ACS ES&T Water

2023 At-home water filters for drinking water are used by over 100 million Americans. These filters are successful at removing heavy metals from drinking water; however, when heavy metals are present, filters can reach saturation quickly. This currently requires a full filter replacement; treating and regenerating (re-activating) the filter are not currently recommended by filter manufacturers. Here, we present a sustainable graphene-based water filter that can be regenerated by treatment with hot (80 °C) water or vinegar (mild acid). The filter has multiple desirable properties for heavy metal adsorption, including high surface area, conjugation, and oxygen-containing functional groups. This regeneratable filtration technology removes 3- to 65-fold more heavy metals (lead, cadmium, and mercury) from tap water than activated charcoal. Further, the filter can undergo a simple regeneration treatment, allowing for up to 3 cycles of reuse before metal breakthrough occurs. Due to the decreased frequency of filter replacement compared to current technologies, this graphene-based water filter could seamlessly integrate into existing at-home water filtration technologies, providing a more sustainable filter option.

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Hyaluronic acid-based antibacterial hydrogels for use as wound dressings

ACS Applied Bio Materials

2022 Wound dressings have been shifting toward a more active role in the wound-healing process. Hydrated environments with additives to aid in the healing process are currently being explored through the application of hydrocolloid dressings. However, these moist healing environments are also ideal for bacterial growth, leading to the widespread use of antibiotics with concerns of antibiotic resistance and toxicity. To overcome this concern, we present a hydrogel wound dressing consisting of hyaluronic acid (HA) cross-linked with gentamicin. This hydrogel treats bacterial infection locally, lowering the effective dose and reducing the concerns of antibiotic resistance and systemic exposure. Changing the cross-linking density, by using varied amounts of a cross-linker, created gels that provided a sustained release of gentamicin for up to 9 days with a range of adhesive and cohesive properties.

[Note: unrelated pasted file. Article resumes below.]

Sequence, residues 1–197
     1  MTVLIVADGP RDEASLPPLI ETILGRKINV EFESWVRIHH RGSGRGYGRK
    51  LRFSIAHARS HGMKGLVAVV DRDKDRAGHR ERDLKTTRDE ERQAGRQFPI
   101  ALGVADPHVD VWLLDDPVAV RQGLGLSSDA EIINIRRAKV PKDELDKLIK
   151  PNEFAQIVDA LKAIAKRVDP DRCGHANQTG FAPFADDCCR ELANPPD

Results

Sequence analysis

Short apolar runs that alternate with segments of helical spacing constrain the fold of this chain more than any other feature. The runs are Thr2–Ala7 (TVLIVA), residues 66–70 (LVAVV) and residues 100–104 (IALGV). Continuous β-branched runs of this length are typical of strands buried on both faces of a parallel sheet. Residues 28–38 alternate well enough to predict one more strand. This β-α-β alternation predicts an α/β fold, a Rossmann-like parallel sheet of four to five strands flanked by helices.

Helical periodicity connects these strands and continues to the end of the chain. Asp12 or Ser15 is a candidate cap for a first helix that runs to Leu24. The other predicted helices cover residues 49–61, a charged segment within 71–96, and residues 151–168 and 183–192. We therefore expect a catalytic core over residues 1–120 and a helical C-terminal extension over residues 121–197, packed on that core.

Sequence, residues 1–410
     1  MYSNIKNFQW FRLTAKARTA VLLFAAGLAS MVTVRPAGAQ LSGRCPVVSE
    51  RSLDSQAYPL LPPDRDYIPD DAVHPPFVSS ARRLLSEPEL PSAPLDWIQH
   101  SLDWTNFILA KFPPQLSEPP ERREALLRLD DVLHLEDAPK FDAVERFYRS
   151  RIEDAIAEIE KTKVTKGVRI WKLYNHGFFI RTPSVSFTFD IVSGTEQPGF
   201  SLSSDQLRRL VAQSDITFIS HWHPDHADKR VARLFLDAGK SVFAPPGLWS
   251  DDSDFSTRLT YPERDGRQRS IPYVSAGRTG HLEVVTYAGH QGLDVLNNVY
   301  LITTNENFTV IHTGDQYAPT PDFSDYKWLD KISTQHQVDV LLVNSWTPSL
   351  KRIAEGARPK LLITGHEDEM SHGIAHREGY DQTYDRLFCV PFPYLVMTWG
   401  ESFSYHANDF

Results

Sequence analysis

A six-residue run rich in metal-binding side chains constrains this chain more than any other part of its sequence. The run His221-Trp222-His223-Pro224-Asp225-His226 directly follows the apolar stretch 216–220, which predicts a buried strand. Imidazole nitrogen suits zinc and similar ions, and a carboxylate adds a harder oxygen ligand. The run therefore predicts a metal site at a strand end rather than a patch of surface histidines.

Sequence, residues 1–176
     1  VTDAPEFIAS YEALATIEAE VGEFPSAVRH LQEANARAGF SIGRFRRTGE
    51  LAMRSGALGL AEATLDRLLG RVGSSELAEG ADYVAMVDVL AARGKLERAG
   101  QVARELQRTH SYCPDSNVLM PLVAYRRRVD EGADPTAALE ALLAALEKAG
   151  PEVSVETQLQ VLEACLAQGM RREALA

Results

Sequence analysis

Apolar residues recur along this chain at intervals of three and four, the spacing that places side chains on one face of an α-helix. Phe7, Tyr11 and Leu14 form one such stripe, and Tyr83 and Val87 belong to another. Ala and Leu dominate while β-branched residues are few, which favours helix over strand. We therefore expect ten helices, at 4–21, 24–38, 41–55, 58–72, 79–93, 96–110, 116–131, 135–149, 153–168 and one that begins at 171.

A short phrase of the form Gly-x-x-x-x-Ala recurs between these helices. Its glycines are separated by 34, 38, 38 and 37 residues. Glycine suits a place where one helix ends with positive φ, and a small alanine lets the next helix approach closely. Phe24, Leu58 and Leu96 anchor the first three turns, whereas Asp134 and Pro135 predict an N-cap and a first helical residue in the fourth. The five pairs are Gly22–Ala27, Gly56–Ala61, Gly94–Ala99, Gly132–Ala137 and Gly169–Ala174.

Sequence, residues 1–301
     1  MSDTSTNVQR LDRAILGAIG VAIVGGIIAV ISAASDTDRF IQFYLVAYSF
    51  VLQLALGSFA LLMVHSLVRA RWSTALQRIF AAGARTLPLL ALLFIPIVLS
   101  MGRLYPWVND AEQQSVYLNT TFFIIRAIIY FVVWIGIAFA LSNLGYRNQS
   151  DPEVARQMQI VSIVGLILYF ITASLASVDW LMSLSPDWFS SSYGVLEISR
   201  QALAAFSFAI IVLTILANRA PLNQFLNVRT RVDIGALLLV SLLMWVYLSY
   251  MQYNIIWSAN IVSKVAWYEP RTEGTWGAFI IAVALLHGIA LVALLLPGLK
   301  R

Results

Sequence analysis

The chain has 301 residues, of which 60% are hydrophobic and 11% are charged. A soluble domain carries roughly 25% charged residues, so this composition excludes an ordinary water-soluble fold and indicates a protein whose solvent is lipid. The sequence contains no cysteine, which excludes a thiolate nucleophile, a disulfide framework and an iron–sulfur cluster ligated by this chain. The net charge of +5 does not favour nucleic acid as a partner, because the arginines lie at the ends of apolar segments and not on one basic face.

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Electrochemical Performance of N-Doped Carbon-Based Electrodes for Supercapacitors

ACS Applied Electronic Materials

2022 Capacitors are a ubiquitous component of many modern-day electronics that provide remote sensing, power conditioning, electrical noise filtering, signaling coupling or decoupling, and short-term memory storage. With the desire for flexible, smaller, and more powerful electronics, capacitors and other electrical components will have to be improved to meet these growing demands. Carbon-derived materials are good candidates for use as electrodes in electrochemical capacitors (i.e., supercapacitors) because of their nanoscale and flexible architecture. However, implementations of these materials tend to have inferior specific capacitance and energy density compared with other options.

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Ultra-low binder content 3D printed calcium phosphate graphene scaffolds as resorbable, osteoinductive matrices that support bone formation in vivo

Scientific Reports

2022 Bone regenerative engineering could replace autografts; however, no synthetic material fulfills all design criteria. Nanocarbons incorporated into three-dimensional printed (3DP) matrices can improve properties, but incorporation is constrained to low wt%. Further, unmodified nanocarbons have limited osteogenic potential. Functionalization to calcium phosphate graphene (CaPG) imparts osteoinductivity and osteoconductivity, but loading into matrices remained limited. This work presents ultra-high content (90%), 3DP-CaPG matrices. 3DP-CaPG matrices are highly porous (95%), moderately stiff (3 MPa), and mechanically robust. In vitro, they are cytocompatible and induce osteogenic differentiation of human mesenchymal stem cells (hMSCs), indicated by alkaline phosphatase, mineralization, and COL1α1 expression.